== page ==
While that Vauxhall badge means a VX220 will never be as collectable as an Elise, it’ll cost you less to buy.Jaguar XK8
Years produced: 1997-2004Price range: £3,000-£20,000 Rarity: ★★★★☆Maintenance: ★★☆☆☆Investment: ★★★★☆
With Jaguar E-Type values in six-figure territory, and even the once-unloved XJ-S getting a lot of interest, it isn’t hard to see what will happen to XK8 values over the next few years. Buy one for less than £6,000, and while you wait for prices to rise, you can enjoy the wood and leather luxury, typical Jag refinement and relaxed performance. Convertible and supercharged XKRs are most prized.Rover 75
Years produced: 1998-2005Price range: £250-£5,000 Rarity: ★☆☆☆☆Maintenance: ★★★★★Investment: ★★☆☆☆
Look in the classified adverts at Rover 75s and you will see a strange split. A used car with the right specification, mileage and colour could be priced at £5,000 or even more, while a seemingly very similar model might struggle to get scrap value.
Enthusiasts have realised that the 75 is arguably the finest Rover ever made, combining the best of British and German engineering; the 75 was built while Rover was owned by BMW. The styling has aged well and it’s relaxing to drive, meaning that this makes a viable classic that can be used every day.
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But enthusiasts do their research and know what they want to avoid big bills and ensure collectability. A range-topping, pre-2003 Connoisseur in a dark colour with light leather interior could be a wise used buy, especially autos with the diesel engine or V6 petrol. These are sought-after and pricey, but find one and you could have a modern classic for a couple of grand.Ford Fiesta Mk4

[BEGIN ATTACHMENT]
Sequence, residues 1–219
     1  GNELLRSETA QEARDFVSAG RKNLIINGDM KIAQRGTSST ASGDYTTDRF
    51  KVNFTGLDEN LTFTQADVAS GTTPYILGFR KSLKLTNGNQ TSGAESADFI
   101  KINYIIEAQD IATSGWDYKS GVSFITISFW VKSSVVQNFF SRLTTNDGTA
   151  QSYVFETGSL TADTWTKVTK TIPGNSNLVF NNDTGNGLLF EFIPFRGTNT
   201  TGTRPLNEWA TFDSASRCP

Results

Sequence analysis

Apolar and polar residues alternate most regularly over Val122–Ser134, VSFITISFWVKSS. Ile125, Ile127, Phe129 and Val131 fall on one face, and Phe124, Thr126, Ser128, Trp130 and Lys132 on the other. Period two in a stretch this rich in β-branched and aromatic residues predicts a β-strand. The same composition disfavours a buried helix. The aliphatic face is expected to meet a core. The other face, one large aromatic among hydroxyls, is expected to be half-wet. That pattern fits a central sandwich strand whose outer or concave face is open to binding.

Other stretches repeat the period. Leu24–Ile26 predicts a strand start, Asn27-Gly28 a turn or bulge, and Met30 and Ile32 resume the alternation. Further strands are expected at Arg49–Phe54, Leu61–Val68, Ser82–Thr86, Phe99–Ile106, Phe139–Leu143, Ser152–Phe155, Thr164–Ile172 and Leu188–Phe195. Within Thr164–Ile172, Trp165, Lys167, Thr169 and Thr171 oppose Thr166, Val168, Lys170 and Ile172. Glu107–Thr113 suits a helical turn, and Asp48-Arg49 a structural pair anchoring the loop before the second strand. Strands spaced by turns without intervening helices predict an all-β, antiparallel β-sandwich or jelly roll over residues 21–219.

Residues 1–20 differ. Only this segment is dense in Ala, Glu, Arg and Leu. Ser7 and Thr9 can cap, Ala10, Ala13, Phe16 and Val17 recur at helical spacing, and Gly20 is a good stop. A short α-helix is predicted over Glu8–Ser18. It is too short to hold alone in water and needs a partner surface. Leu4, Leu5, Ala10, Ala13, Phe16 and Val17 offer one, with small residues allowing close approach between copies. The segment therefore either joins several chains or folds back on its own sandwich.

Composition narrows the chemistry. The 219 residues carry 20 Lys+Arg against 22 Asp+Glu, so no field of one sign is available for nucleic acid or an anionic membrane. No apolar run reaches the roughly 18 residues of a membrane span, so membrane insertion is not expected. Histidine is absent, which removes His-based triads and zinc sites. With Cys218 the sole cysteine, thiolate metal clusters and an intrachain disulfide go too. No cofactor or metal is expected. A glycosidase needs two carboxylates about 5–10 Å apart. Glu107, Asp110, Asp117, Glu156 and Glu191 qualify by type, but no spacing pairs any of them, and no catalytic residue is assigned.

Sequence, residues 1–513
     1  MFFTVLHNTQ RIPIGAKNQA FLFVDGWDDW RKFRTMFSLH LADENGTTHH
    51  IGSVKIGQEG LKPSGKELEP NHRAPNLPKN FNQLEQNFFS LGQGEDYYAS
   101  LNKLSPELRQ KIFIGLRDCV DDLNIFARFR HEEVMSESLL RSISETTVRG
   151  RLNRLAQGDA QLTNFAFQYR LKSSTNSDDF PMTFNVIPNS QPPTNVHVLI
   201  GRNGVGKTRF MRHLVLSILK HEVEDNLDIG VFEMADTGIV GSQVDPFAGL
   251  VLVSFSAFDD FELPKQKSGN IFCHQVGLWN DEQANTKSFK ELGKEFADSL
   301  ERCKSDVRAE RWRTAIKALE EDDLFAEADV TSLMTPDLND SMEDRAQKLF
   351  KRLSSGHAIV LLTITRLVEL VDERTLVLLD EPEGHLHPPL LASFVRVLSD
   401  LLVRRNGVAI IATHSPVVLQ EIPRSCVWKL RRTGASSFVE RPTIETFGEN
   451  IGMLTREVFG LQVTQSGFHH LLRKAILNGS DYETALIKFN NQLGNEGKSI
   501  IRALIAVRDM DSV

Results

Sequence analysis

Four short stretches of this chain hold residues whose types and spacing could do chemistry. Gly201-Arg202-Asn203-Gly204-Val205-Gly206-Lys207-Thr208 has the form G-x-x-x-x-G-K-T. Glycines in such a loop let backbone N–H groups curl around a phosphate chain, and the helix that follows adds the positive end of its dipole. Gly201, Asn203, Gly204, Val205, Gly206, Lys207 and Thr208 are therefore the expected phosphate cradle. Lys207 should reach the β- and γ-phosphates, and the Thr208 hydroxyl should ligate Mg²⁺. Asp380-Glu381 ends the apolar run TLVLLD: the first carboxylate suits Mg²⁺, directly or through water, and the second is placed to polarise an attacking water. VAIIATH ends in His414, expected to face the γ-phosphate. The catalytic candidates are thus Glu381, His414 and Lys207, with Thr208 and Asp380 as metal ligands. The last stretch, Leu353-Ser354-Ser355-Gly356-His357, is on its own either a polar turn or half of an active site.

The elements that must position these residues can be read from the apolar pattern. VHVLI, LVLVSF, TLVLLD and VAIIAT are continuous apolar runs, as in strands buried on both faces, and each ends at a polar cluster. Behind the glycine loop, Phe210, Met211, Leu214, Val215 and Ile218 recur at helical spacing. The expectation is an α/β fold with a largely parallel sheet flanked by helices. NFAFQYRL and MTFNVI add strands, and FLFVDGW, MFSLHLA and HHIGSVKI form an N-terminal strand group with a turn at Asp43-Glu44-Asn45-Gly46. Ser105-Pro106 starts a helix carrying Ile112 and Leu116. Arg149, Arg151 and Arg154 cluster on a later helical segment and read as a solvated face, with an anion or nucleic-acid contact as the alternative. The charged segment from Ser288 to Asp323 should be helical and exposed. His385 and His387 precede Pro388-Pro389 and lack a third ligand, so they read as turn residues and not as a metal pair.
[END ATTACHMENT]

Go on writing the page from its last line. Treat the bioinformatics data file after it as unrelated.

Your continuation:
Years produced: 1995-2002Price range: £200-£2,000 Rarity: ★☆☆☆☆Maintenance: ★★★★★Investment: ★★★☆☆
Ford got a kicking in the early nineties for the Fiesta and Escort’s lacklustre talents. The brand took it to heart and made the replacements really fun to drive. The Mk4 Fiesta was a bit of a surprise at the time, with exceptional dynamics and zingy 1.25 and 1.4-litre engines. They’ll never be cheaper than they are now, and as with all Fords, used values will eventually rise – especially on top Ghia and sporty Si versions.Nissan K11 Micra
Years produced: 1993-2003Price range: £100-£2,500Rarity: ★☆☆☆☆Maintenance: ★★★★★Investment: ★★☆☆☆
What’s a Nissan doing in the British car category? Well, the ‘K11’ Nissan Micra was not only built in Britain in greater numbers than any other car at the time, it was engineered in the UK, too, at the company’s technical centre in Bedfordshire.
Almost 1.4 million were made in Sunderland – slightly more than the legendary Morris Minor managed throughout its production run. And just like the Minor was for a previous generation, the K11 Micra was the trusted family motor(and first car) for thousands of British people.
Fans will soon be keen to rekindle those fond Micra memories, but the numbers on the road are falling fast due to the Micra’s Achilles heel: rust. There are still plenty of them around, though, so find one that has been cherished or rustproofed and it will give good fun and cheap motoring while you wait for the inevitable classic status to arrive.